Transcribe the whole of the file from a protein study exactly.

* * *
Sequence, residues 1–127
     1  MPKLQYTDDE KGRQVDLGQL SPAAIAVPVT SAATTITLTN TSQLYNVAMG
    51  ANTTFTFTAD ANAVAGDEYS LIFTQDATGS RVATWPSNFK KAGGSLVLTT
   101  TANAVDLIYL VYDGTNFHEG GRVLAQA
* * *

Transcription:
Sequence, residues 1–127
     1  MPKLQYTDDE KGRQVDLGQL SPAAIAVPVT SAATTITLTN TSQLYNVAMG
    51  ANTTFTFTAD ANAVAGDEYS LIFTQDATGS RVATWPSNFK KAGGSLVLTT
   101  TANAVDLIYL VYDGTNFHEG GRVLAQA